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I Want My Wikipedia Back: Or, What the Hell are SOPA and PIPA?

Wikipedia Imagine a World Without Free KnowledgeSo, you’ve noticed that black box over Google’s name on the search engine today, but you haven’t had time to click to find out what’s going down. (Which makes me feel awesome that you’re taking the time to read this!) And, you completely flubbed the trivia question about ambergris (whale barf) because Wikipedia is down to protest the proposed legislation called SOPA (Stop Online Piracy Act) or PIPA (Protect Intellectual Property Act).  And now, you’d like to know why your life has been disrupted to protest things that sound like the names of manga characters.

The charitable take on these bills is that they are well-intentioned, but misguided attempts to reduce the very real problems of stolen or pirated music and movies, as well as the online sale of counterfeited merchandise of all shapes, sizes, and values. I’m not feeling terribly charitable today, though.

These bills are not well-intentioned – they’re strong-arm tactics, written at the behest of music, movie and other industry lobbyists, that attempt to get search engines and other sites to police the web, rather than having law enforcement or the industries themselves do it.  And, the bills allow due process to be subverted while punishing sites where a user might post a link to a pirate site or content, instead of punishing the pirates.

There are enough laws in existence that pertain to intellectual property, which if properly enforced, can do what needs to be done. Rather than imposing new laws, law enforcement needs more resources and an expedited due process to allow the blocking and removal of stolen content – not to mention an international effort to punish thieves.

Here’s an analogy I’m all too familiar with from my American Airlines days: Prior to Sept. 11, 2001, there were plenty of laws to stop terrorism and punish those who committed it. But, the onus to enforce certain preventive steps were placed on airports and airlines – businesses that are good at moving passengers but bad at enforcing security laws. There was no lack of laws, but there was a lack of resources. With the creation of the Transportation Security Administration (TSA) and Homeland Security, clearly enough resources are in place to enforce security laws and even prevent terrorism – measured by our national security since then.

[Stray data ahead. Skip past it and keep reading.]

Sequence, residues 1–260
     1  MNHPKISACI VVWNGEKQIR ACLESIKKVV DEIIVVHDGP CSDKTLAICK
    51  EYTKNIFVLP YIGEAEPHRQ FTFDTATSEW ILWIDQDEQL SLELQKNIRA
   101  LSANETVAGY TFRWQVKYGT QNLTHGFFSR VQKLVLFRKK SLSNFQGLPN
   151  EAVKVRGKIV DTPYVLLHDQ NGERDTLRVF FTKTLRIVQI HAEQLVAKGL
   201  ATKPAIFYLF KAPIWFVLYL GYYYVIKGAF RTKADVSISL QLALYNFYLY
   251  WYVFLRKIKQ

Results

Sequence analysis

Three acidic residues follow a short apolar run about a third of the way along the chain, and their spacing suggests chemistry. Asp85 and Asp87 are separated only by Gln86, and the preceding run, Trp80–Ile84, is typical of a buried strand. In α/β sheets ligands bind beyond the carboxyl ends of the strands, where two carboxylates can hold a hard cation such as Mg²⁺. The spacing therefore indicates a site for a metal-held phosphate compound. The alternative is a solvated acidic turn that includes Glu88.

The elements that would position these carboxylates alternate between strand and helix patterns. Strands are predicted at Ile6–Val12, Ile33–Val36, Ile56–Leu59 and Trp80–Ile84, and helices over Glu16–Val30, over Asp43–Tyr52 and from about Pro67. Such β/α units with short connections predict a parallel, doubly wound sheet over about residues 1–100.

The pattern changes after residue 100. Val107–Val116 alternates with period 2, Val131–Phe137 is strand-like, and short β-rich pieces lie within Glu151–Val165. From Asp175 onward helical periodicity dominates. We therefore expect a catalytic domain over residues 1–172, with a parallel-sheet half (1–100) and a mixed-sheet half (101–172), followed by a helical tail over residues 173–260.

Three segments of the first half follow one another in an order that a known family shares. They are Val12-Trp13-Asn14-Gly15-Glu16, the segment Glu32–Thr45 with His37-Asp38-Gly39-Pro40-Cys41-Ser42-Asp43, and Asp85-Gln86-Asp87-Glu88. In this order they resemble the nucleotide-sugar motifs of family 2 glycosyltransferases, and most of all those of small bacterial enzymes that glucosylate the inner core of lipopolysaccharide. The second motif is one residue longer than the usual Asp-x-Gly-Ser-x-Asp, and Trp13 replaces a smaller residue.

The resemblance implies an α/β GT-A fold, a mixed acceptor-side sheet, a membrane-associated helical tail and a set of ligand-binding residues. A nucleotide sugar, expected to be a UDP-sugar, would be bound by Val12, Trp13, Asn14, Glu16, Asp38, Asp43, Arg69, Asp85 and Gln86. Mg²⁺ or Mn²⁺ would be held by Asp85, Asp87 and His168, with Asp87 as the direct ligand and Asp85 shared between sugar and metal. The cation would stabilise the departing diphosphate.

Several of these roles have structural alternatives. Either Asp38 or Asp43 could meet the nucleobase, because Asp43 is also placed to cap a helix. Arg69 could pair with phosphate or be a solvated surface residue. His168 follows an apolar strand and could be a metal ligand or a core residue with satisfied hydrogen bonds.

Perhaps the creation of an “IPSA” that could better enforce existing laws (funded by a tax on music, movies, and goods manufacturers – like the tax airline passengers pay) is a better model for stopping online theft than trying to force Google and Facebook to become policemen. We know that won’t work.

Here’s how you might be able to help:

1)      If you download illegal copies of music and movies, you are a thief. If you buy a fake Gucci bag, you are a thief. Do not do these things. Do not try to justify it because of your financial situation compared to that of musicians or artists or designers. Quit stealing and pirates will lose their markets. Then crazy lobbyists will quit trying to make laws that harm your personal liberties.

2)      Tell Congress to find a better way to prevent intellectual property theft:

Here’s how WrightIMC helped – >a letter to Congress< that we helped write for the Search Engine Marketing Professional Organization (SEMPO).

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